Here’s a brief overview of non-oil light-producing options from the authors of The Carbon-Free Home. In part:

Increasing the natural daylight in your home is something to take into consideration if you find from your energy diary that you need to turn lights on during the daytime. We are fortunate that our house, designed in the 1930s, has no issues with dark rooms. Every bathroom has a window and every hall has natural light. But some condominiums, apartments, and splitlevel or ranch houses we’ve seen have a serious lack of daylight.

Sunlight pipes (also called tubular daylighting devices) are low-tech devices that work wonders in dark hallways or bathrooms that have an accessible roof to penetrate. Be careful: every time you make a hole in the roof there is a chance for water penetration and damage. Solar tubes must be carefully installed and the flashing and caulking checked regularly.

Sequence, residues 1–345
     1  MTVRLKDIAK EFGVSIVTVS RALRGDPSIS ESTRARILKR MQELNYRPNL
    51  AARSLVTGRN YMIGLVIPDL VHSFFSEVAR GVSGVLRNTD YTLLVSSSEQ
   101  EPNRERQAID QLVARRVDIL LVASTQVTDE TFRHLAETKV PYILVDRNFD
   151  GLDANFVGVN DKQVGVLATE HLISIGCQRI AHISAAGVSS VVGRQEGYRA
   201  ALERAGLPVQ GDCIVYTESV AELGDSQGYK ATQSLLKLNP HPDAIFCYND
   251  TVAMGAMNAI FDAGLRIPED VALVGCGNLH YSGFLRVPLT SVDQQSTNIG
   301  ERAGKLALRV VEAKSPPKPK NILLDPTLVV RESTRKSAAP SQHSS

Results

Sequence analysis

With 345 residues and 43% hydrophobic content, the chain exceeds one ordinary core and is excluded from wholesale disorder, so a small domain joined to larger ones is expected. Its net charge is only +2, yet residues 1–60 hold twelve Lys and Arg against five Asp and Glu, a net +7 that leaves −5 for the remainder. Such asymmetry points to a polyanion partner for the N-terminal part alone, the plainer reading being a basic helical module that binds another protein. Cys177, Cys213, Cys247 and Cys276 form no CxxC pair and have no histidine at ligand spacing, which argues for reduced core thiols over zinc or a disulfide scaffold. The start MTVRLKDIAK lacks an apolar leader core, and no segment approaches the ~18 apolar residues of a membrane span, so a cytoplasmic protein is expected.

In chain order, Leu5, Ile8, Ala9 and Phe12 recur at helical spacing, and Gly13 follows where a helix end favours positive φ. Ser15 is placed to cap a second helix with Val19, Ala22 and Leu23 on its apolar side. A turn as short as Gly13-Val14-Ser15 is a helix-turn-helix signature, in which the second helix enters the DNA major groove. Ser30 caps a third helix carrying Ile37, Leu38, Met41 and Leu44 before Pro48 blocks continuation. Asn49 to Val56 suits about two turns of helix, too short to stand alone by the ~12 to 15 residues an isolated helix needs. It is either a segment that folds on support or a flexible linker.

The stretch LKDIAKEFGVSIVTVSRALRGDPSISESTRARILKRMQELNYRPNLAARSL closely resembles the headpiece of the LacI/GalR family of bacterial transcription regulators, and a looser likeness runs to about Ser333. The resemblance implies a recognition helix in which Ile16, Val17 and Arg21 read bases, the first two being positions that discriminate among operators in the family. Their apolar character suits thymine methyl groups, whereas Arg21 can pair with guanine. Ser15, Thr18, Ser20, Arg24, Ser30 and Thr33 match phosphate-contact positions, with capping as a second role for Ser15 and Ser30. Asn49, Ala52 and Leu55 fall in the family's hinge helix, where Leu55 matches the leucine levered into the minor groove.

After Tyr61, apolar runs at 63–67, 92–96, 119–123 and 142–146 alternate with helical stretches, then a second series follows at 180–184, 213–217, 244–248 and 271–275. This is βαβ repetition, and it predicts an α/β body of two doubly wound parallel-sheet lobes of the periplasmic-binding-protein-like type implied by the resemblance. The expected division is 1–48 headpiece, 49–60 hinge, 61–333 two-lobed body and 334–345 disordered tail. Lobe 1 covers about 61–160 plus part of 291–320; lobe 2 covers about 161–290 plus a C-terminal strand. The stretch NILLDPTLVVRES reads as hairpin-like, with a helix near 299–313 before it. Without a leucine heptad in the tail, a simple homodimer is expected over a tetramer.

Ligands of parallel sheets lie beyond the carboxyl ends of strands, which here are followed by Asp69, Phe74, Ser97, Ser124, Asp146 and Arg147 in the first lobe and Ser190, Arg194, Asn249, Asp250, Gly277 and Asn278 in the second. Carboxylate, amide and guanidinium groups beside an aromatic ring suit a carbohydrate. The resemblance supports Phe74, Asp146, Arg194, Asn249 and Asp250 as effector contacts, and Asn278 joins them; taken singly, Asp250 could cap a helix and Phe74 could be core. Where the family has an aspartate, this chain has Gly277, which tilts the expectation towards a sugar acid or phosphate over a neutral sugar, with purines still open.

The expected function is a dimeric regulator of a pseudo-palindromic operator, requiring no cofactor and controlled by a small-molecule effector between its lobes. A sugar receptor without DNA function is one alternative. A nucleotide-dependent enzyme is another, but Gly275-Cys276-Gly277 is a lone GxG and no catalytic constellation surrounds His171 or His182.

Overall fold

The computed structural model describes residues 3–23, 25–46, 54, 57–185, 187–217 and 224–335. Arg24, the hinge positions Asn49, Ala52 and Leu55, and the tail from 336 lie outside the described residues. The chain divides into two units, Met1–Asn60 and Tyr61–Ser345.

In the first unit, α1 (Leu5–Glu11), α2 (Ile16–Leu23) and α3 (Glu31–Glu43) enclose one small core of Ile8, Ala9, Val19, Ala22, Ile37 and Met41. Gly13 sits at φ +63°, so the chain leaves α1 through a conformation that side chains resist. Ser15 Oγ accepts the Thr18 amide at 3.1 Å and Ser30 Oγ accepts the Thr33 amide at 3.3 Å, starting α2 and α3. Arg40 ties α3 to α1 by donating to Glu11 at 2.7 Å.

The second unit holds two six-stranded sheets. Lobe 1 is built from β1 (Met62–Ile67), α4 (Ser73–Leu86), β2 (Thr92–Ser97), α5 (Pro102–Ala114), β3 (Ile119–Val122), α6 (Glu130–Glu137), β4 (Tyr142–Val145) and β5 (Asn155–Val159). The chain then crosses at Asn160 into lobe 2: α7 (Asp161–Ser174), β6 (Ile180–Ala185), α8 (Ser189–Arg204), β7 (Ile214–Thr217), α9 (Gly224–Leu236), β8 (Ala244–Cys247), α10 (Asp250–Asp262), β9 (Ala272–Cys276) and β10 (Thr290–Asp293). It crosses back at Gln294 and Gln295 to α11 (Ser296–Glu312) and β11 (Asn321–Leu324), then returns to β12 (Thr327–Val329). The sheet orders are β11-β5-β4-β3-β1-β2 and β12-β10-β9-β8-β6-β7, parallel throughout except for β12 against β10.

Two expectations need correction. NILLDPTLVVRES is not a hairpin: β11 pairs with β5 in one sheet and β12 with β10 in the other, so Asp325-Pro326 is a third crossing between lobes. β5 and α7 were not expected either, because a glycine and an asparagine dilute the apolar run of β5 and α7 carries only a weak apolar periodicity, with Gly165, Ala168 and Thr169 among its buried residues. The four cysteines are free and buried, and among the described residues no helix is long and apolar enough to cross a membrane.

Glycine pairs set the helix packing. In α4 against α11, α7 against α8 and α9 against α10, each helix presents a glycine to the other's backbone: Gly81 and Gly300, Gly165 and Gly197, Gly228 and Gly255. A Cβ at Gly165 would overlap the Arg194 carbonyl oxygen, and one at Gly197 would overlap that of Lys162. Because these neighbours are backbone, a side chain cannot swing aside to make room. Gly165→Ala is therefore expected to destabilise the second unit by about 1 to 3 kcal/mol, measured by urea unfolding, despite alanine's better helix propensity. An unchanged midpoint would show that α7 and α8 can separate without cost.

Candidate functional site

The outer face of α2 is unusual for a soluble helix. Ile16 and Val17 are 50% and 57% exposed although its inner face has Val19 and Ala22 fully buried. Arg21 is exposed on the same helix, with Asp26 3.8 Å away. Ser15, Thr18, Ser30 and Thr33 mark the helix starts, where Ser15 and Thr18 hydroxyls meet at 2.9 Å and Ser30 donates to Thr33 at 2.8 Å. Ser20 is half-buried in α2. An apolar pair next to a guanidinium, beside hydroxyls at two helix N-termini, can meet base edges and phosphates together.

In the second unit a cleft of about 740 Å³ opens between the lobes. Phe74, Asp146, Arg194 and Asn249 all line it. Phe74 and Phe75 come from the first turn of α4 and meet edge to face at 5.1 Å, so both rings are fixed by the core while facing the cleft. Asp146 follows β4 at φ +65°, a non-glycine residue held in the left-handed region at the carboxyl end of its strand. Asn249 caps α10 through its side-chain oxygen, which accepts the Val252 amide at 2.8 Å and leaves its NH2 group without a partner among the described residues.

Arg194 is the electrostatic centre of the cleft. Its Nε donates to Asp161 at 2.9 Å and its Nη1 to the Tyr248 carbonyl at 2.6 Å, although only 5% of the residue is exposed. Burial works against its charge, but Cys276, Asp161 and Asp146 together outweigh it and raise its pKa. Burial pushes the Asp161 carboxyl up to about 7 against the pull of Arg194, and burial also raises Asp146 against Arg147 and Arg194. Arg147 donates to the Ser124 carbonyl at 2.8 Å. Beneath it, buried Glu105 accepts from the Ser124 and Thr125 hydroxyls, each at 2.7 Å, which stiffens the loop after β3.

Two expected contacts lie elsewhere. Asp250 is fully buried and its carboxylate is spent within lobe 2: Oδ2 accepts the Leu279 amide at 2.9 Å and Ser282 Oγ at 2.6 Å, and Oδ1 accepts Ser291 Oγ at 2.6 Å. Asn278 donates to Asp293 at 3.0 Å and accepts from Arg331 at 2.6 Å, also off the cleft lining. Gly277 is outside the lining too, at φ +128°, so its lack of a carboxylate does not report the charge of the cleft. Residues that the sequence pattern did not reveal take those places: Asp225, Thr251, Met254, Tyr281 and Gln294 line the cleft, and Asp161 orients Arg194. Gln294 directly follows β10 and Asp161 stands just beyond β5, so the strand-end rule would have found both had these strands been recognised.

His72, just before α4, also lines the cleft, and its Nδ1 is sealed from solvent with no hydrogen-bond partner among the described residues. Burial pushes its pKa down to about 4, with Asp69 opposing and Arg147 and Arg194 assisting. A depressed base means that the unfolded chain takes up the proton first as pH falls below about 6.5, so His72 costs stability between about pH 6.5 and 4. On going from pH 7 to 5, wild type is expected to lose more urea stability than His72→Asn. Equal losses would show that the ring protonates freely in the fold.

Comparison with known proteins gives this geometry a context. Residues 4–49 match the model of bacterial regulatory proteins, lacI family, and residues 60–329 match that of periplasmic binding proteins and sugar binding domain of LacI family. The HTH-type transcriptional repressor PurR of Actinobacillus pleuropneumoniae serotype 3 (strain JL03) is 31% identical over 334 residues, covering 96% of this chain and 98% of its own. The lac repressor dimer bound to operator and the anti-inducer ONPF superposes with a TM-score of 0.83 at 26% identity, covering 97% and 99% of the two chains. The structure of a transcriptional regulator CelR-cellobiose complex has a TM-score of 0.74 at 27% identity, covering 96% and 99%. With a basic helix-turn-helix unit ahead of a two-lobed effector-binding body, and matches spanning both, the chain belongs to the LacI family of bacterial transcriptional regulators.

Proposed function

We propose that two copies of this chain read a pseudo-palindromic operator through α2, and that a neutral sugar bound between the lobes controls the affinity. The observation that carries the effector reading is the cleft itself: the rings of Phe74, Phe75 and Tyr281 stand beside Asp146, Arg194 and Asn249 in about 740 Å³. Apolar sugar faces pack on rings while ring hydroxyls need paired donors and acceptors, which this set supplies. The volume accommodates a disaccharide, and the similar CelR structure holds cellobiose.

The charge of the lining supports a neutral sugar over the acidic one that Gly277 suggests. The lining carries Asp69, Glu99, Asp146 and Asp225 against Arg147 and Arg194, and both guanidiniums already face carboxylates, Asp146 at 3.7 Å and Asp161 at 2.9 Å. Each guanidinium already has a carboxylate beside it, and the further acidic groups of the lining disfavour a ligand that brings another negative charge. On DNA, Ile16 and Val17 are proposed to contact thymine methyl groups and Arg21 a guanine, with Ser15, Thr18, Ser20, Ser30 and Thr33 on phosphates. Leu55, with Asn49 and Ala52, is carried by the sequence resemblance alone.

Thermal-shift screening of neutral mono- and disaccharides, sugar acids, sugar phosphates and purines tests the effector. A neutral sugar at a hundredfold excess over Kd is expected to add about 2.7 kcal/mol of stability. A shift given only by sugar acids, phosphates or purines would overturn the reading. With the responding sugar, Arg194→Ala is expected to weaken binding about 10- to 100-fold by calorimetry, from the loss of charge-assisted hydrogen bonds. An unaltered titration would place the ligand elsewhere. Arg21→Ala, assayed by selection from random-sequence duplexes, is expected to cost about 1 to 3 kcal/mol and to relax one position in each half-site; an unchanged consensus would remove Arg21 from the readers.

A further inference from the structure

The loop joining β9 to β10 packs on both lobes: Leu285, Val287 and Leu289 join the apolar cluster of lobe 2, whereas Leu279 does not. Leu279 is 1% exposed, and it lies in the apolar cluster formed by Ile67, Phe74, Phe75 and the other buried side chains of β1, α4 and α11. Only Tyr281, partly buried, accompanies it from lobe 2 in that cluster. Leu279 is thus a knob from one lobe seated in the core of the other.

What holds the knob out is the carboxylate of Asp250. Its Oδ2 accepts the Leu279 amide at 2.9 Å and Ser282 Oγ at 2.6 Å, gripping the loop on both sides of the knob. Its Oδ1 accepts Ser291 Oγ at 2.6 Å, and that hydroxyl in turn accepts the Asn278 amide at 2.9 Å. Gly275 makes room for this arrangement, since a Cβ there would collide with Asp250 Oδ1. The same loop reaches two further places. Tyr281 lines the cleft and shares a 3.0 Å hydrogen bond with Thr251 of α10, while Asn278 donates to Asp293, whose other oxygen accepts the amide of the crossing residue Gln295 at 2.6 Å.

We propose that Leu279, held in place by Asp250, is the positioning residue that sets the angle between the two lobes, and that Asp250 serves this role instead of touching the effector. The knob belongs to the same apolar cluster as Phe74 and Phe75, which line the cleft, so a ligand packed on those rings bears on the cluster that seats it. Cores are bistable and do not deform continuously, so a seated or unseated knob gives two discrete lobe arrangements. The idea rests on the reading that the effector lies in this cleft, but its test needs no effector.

(via Chelsea Green)

From one of the manufacturers, here’s a diagram of one such solar tube:


(Image via Sunpipe)

And, here’s an article on installing solar tubes.

Has anyone created their own version of a solar tube? Other than finding a high-quality plastic dome, reflective film for the interior (mylar?), and making sure you don’t create a nice water inlet along with your light tube, is there any reason not to try and homebrew this?